Citation: (2006) Finding Sigma-Controlled Promoters. PLoS Biol 4(1): e13. doi:10.1371/journal.pbio.0040013
Published: December 20, 2005
Copyright: © 2005 Public Library of Science. This is an open-access article distributed under the terms of the Creative Commons Attribution License, which permits unrestricted use, distribution, and reproduction in any medium, provided the original author and source are credited.
For bacteria, a change in the environment often causes physiological stress. Bacteria cope with that stress by altering the expression of suites of genes, and manufacturing new proteins, which may allow the cell to repair damage or protect itself in the future. This stress-induced gene expression response is often mediated by proteins called sigma factors. Sigma factors bind to the gene-transcribing machinery and direct this machinery to the promoter sites of the target genes. Identifying the binding sites for sigma factors that direct stress responses thus provides an important window on understanding how bacteria behave. Unfortunately, sigma factor binding sequences (otherwise known as promoters) vary from gene to gene, and current identification methods are tedious and prone to error. In a new study, Virgil Rhodius, Carol Gross, and their colleagues describe a novel model that finds these sites quickly and accurately. Their results show that in Escherichia coli bacteria, the main targets for one type of sigma factor, called sigma factor E, are genes that increase production of cell envelope components (inner membrane, periplasm, and outer membrane).
The authors first found sigma factor E sites the hard way—by comparing gene expression in two strains of E. coli that differed in their intrinsic level of sigma E–induced activity. They looked for genes whose expression in the high sigma E activity strain differed most from genes in the low sigma E activity strain, and then searched upstream of these genes for promoters containing these sigma sites (the region to which the transcription machinery binds). This method, called expression profiling, led them to 28 genes. This formed a “starter set,” which could be used to make their model.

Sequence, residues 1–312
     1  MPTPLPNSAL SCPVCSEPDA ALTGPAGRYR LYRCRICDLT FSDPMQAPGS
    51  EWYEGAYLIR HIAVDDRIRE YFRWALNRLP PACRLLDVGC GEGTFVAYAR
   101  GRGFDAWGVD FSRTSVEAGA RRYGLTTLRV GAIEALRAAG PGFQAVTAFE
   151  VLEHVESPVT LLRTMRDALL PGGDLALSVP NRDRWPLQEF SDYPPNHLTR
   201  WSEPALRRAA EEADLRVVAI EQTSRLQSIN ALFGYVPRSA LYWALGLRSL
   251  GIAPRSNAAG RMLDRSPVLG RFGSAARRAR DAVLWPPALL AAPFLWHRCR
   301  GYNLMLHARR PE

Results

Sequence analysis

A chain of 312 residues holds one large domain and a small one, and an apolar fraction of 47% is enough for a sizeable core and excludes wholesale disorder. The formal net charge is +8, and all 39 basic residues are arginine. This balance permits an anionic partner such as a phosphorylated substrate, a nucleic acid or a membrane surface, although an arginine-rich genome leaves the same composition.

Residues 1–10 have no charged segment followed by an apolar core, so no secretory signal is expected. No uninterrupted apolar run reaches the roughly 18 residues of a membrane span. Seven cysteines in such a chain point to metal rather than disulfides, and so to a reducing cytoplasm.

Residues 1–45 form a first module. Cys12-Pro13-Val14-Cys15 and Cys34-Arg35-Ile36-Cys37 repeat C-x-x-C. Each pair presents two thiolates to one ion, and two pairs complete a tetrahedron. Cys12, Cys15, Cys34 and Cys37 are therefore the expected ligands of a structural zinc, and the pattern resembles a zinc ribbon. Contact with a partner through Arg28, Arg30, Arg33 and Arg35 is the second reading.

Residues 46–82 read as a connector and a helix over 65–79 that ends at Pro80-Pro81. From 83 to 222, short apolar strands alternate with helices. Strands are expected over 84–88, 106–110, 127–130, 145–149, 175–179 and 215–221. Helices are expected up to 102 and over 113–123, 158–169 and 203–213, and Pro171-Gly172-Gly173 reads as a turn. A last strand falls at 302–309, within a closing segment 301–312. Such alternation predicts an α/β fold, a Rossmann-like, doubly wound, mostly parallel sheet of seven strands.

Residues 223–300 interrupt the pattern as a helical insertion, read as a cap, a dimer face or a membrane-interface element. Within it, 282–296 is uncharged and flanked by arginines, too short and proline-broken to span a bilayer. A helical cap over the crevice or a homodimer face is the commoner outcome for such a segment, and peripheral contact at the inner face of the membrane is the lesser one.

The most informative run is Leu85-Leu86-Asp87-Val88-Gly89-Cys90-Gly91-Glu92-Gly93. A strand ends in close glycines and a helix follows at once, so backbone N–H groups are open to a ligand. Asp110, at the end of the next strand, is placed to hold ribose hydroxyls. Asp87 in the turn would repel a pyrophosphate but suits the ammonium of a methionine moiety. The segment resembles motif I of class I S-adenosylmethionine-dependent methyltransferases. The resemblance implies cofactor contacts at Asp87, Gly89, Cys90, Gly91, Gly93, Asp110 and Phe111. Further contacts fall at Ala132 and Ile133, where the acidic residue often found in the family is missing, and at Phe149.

By determining the nucleotide sequences and spatial arrangements that were most common at these sites, Rhodius et al. constructed a “position weight matrix,” a prediction tool with which to discover and analyze putative sigma E sites on other genes. Applied to the entire genome of bacterium E. coli K-12, the matrix identified 553 potential sites, which included 27 of the 28 sites identified through expression profiling. However, most of these sites were likely to be false positives. A series of increasingly stringent selection rules was then applied to eliminate those sites that were likely to arise by chance alone, whittling the list down to 39, including 24 of the original 28 sites. Of these 39, the authors confirmed that 37 were actual sigma factor E sites. Using a variety of other screening methods, they determined that the K-12 genome actually contained a total of 49 sigma E binding sites.
So how good are these results? A predictive model such as this is judged by two measures: sensitivity and precision. Sensitivity, the ratio of validated predictions (“hits”) to total actual sites, indicates how well the model finds true positives. Precision, the ratio of validated predictions to total predictions (hits plus misses), indicates how well the model screens out false positives. A model that claimed that every sequence was a promoter would indeed identify all the real ones, and have a sensitivity of 100%, but the rate of false positives would make the model useless. Similarly, a model so conservative that it only made predictions guaranteed to be right would have a precision of 100%, but might predict so little as to be of no use either.
The Rhodius et al. model has a sensitivity of 37/49, or 76%, and a precision of 37/39, or 95%, in E. coli K-12. The average of these two represents the total performance, or accuracy, of the predictive model, and was 85%, considerably better than previous models.
Finally, the authors used their results to predict the genes activated by sigma E in response to stress in a variety of bacteria. They found that the genes most commonly activated by sigma E primarily affect the integrity of the outer membrane, through promoting the synthesis, assembly, and homeostasis of the two major components of the membrane: lipopolysaccharide and proteins called porins. Other regulated genes promote pathogenic behavior of the bacteria. Experimental validation of the predictions in two different species of bacteria indicated that the model performed well, having a precision of about 75%. Improved ability to find such genes and to understand how they are activated has clear potential for reducing the burden of bacterial infections.—Richard Robinson